Dangers of cyberattacks on healthcare organizations

Cyberattacks increase during the pandemic

Dangers of cyberattacks on healthcare organizationsMore and more hospitals fall victim to ransomware attacks

The whole world is struggling to fight the Covid-19 pandemic, but cybercriminals don't care about that and even see a good opportunity to monetize on that. Although few groups have promised to seize ransomware attacks on healthcare organizations a year ago,[1] others can't help themselves and continue their dirty deeds.

According to sources, the healthcare sector faced more attacks than ever before in the last quarter of 2019. And although the numbers plummeted for the next half a year, they again suddenly increased in September. Emsisoft reports,[2] that in 2020 560 healthcare providers suffered from a ransomware attack.

The biggest one was executed against one of the largest US health systems – UHS, which has over 400 hospitals and other healthcare facilities in the US. Research suggests that a ransomware attack causes hospitals an average of 15 days of EHR downtime.[3]

But cybercriminals aren't targetting only hospitals. Attacks on the World Health Organization (WHO), which is vital in the fight against the coronavirus pandemic with its research, reports, advice, and response coordination, have more than doubled. A security expert said:[4]

Cybercriminals show no ethical boundaries and will continue to attack wherever there could be a vulnerability.

A ransomware attack on a hospital leaves patients and their data at huge risk

Cyberattacks on healthcare institutions aren't a new phenomenon. One report suggests,[5] that 88% out of all ransomware attacks on different institutions were targeted at hospitals. Ransomware is a type of malware that locks all non-system data. It becomes inaccessible until a necessary decryption software or key is used, which is usually in possession of the assailants.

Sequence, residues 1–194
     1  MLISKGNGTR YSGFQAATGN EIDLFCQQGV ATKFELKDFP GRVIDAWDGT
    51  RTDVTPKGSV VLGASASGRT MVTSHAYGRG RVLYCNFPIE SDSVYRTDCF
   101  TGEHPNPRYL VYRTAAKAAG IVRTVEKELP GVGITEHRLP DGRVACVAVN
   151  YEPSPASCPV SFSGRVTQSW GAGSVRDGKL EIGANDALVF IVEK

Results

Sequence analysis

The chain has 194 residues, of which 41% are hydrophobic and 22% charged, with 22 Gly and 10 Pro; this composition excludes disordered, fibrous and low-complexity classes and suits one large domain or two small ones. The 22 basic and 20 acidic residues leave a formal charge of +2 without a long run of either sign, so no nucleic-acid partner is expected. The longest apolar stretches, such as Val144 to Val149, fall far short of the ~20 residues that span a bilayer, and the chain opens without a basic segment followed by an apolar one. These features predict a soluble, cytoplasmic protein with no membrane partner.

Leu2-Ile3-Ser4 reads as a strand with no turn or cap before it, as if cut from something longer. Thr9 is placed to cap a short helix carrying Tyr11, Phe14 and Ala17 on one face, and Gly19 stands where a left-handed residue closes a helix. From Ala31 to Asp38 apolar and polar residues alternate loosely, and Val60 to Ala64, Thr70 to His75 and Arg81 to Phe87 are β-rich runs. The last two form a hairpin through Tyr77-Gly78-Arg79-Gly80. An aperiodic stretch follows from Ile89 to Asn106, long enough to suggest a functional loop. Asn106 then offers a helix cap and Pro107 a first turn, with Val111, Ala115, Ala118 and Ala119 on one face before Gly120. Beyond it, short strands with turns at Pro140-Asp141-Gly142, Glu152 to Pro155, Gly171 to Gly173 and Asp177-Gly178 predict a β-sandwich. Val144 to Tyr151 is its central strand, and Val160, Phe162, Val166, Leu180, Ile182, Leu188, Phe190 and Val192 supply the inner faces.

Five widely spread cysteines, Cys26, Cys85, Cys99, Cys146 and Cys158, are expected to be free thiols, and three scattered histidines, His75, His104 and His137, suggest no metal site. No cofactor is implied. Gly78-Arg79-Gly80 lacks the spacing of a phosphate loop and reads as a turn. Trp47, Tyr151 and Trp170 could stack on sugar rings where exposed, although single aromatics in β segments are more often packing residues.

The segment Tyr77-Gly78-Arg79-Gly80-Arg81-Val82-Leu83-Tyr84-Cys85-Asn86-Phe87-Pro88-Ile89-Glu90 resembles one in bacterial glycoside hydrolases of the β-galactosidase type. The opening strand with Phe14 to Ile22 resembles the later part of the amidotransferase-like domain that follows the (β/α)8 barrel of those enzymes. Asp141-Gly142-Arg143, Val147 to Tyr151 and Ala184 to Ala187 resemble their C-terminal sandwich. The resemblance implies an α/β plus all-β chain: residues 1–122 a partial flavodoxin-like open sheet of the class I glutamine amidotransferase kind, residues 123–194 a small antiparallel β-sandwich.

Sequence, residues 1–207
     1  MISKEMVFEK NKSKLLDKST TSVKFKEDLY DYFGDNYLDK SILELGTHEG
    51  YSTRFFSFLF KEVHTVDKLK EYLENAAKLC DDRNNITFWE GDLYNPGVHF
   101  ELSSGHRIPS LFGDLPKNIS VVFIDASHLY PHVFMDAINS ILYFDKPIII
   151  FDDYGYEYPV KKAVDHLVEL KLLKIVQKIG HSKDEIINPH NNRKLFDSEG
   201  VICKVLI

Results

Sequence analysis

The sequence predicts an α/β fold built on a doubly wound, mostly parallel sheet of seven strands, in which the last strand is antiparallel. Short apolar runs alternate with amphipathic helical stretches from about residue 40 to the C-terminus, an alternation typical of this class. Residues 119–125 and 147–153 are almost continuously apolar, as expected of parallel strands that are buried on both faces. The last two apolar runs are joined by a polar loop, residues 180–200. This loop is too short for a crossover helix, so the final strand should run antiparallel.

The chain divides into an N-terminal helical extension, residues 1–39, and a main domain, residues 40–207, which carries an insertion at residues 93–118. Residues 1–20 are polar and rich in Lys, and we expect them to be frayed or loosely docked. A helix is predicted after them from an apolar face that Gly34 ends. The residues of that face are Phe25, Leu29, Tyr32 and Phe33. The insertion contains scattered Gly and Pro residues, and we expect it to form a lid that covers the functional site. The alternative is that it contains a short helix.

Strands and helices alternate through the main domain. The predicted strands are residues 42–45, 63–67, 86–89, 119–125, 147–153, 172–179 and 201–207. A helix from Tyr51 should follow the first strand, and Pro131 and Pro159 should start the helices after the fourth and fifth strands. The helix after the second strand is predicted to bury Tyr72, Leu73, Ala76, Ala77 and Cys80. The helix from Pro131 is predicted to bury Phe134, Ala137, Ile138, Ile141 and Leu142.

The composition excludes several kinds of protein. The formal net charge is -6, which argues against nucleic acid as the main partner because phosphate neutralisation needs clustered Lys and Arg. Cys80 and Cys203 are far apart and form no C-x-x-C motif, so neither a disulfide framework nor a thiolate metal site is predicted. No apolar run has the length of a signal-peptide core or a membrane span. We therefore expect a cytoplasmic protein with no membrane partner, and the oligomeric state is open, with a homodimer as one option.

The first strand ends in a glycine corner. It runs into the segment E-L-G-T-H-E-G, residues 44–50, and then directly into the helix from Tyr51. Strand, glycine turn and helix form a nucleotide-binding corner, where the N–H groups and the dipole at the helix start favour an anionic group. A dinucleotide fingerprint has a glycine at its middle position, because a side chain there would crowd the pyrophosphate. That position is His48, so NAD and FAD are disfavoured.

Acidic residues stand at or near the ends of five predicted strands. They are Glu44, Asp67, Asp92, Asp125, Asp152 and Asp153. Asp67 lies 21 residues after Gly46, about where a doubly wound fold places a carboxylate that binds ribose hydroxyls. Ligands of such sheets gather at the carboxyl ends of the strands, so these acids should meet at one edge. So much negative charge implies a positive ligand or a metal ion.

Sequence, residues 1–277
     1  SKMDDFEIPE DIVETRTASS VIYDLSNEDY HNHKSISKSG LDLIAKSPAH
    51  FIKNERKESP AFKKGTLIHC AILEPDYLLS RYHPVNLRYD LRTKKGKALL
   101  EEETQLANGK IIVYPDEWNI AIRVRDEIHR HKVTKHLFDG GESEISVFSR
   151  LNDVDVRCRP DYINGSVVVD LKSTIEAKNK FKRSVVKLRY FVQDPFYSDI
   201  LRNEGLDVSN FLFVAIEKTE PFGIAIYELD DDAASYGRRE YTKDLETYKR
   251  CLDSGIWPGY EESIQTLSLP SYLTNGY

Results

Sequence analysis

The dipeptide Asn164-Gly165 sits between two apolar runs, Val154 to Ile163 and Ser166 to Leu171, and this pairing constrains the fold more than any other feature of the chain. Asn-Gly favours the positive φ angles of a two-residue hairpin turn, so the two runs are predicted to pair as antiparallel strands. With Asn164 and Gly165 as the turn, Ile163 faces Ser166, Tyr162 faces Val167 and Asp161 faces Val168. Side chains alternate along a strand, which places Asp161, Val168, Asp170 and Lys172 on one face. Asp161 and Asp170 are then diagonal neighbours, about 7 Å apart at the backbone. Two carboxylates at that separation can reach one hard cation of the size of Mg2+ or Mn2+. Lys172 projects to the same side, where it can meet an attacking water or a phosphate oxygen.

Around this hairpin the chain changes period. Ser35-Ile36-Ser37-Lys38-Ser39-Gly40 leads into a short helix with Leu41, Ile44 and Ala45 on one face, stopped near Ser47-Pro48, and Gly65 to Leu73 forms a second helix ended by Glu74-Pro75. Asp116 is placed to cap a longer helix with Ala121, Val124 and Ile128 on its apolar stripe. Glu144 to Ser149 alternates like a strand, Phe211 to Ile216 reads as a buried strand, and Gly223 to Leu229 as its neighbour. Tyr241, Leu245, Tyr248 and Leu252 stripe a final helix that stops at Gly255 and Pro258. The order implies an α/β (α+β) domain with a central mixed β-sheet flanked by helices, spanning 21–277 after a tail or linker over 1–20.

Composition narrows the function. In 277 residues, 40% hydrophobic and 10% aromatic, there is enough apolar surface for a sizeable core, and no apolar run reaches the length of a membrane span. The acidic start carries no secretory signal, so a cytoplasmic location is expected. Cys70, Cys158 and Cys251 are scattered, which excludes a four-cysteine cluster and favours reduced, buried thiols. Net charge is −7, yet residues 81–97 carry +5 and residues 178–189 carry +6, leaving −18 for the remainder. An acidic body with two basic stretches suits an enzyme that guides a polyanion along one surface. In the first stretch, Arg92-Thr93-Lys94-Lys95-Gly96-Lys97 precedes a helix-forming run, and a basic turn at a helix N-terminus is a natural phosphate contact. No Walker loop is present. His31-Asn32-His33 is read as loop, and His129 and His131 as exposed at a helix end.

One of the reasons for such attacks is that threat actors could aim to profit directly from the hospital by encrypting patient files and demanding a ransom. Another reason might be the patient and employee files, as that data is very useful to cybercriminals.

Such files usually contain names, addresses, SSNs, phone numbers, relative information, emails, and all sorts of other details that threat actors behind the attacks could either sell on the black market or use themselves to carry out additional evil deeds such as identity theft.

The main reason why cybercriminals attack healthcare institutions

Healthcare institutions are in need to always see patient details, prescriptions, health history, and other details. When a hospital gets hit with ransomware, it's putting the institution's work to a standstill. That means that planned operations and other procedures couldn't be accomplished, lab results couldn't be accessed, etc. All this is putting patients' health at grave risk.

That's why an attacked hospital usually succumbs to the cybercriminals' demands and pays their requested amount of money, usually via Bitcoin. Evildoers pick hospitals for one more reason,[6] their staff usually isn't trained on security awareness, and since their goal is to save lives, cybersecurity is overlooked.

Since very few hospitals would revert to using paper records, the cybersecurity level must increase. And it all begins with security awareness training for the staff because most of the cyberattacks are carried out through phishing emails containing contaminated attachments.

About the author
Gabriel E. Hall
Gabriel E. Hall - Passionate web researcher

Gabriel E. Hall is a passionate malware researcher who has been working for 2-spyware for almost a decade.

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